Barry Rabe is the J. Ira and Nicki Harris Family Professor of Public Policy at the Ford School. He is also the Arthur Thurnau Professor of Environmental Policy, with courtesy appointments in the Program in the Environment, the Department of Political Science, and the School for Environment and Sustainability. A non-resident senior fellow at the Brookings Institution, Barry directed the Ford School's Center for Local, State, and Urban Policy (CLOSUP) from 2012-2019 and was a visiting fellow at the Woodrow Wilson International Center for Scholars in 2015. His research examines climate and energy politics, and his most recent book, Can We Price Carbon? (MIT Press) was released in 2018. He has received four awards for his research from the American Political Science Association, including the 2017 Martha Derthick Award for long-standing impact in the fields of federalism and intergovernmental relations. In recent years, Barry has chaired the Assumable Waters Committee of the U.S. Environmental Protection Agency and has served on recent National Academy of Public Administration panels examining the Departments of Commerce and Interior as well as the Oklahoma Corporation Commission. He is currently a member of the U-M Carbon Neutrality Commission.
How would you describe the government's role in the sustainable use of natural resources and addressing climate change?
Climate change is an all-hands-on-deck type of challenge, requiring engagement across private, non-profit, and public sectors. And the role of governments in designing policies that can prove durable over time and deliver on key emission reduction and energy transition goals is just essential. This has been a very difficult issue in the U.S., including federal government challenges where it has now been over thirty years since we have seen any legislative revisions to major statutes on air and water quality and have never developed a sustainable approach to climate change. The politics are extremely contentious in this area and yet there are many possible ways to advance policies that build coalitional support over time, particularly if we consider best practices from many states, localities and other nations.
What, according to you, is(are) the biggest challenge(s) when it comes to the sustainable use of natural resources and addressing climate change? What could be the solution(s)?
It remains difficult for me to envision a serious policy approach to climate change without some semblance of carbon pricing alongside complementary policies. We see other federal or multi-level systems such as Canada and the European Union assuming leadership roles while the United States has continued to struggle. A carbon price, through either a carbon tax or cap-and-trade system, is a cornerstone in their efforts and yet the politics is very challenging in the US, given the immediate saliency of higher energy prices. I do believe that there are a number of design elements from other successful carbon pricing strategies that could be employed in any American effort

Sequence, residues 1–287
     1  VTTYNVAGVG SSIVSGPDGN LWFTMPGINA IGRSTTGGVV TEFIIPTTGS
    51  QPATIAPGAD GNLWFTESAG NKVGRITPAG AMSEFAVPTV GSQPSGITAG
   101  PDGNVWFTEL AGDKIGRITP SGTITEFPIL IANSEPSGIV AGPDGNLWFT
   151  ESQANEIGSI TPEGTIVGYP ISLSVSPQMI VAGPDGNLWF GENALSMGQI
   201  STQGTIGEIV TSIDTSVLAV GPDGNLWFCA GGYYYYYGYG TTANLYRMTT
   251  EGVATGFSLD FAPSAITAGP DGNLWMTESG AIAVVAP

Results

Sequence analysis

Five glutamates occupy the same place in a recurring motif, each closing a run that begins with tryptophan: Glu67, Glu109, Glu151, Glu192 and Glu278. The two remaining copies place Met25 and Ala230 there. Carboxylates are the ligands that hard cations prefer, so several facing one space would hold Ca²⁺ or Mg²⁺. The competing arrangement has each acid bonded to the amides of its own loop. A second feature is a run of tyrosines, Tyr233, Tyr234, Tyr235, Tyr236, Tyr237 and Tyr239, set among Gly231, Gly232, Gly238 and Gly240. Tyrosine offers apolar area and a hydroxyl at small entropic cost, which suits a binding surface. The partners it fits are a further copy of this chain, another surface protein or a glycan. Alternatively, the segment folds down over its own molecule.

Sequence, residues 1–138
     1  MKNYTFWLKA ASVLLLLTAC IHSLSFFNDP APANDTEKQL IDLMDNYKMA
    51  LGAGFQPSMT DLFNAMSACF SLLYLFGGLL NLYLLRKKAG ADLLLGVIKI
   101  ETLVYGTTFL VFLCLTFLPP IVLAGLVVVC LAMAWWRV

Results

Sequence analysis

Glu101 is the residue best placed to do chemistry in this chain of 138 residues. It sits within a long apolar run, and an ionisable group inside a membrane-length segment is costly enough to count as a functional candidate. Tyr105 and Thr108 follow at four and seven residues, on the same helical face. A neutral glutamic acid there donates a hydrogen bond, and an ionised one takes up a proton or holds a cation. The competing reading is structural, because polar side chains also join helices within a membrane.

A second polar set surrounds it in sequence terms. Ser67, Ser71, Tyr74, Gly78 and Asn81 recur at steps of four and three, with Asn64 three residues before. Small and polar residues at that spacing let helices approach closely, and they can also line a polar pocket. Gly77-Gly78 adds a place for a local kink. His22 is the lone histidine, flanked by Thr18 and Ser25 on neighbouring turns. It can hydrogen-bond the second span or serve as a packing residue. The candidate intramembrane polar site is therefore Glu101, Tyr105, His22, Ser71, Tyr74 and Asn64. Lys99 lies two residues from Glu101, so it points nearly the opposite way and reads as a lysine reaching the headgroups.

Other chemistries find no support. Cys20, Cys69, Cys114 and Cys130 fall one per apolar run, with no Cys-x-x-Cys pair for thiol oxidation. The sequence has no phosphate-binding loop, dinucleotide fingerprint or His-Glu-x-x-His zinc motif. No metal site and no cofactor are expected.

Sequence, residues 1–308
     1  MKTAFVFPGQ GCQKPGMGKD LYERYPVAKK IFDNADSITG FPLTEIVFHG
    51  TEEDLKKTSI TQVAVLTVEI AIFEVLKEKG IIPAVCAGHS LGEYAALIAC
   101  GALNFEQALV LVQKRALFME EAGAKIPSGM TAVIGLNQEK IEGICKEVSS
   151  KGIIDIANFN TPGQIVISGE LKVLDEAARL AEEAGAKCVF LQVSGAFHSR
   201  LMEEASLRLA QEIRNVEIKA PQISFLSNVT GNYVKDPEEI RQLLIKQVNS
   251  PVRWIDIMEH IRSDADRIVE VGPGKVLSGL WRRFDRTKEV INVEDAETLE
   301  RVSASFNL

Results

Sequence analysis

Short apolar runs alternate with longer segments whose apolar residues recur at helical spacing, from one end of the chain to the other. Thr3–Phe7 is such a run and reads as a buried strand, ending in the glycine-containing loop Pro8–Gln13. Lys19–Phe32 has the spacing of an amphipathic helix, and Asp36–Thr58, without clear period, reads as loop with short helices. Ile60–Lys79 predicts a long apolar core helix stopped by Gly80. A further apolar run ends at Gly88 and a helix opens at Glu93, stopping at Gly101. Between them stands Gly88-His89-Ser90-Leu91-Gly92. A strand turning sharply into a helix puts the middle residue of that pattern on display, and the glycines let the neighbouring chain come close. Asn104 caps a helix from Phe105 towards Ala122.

What are some projects or recent developments in this field that you are most excited about?
Despite the extended challenges of adopting and implementing policy at the federal level, we have continued to see some significant innovation at the state level. This creates opportunities to test new policy ideas that can be tailored to local conditions but also allow for possible diffusion to other states and the federal level. One such area is methane emissions from oil and gas production, an enduring challenge that poses major climate and air quality risks. Flaring and venting of methane also represents the sheer waste of a non-renewable natural resource that has considerable market value if captured. Colorado has led the way nationally through a series of administrative and legislative steps taken over the past decade, producing a complementary set of policies and an extremely low methane release rate. It is rapidly becoming a case of global significance, following a few other leaders such as Norway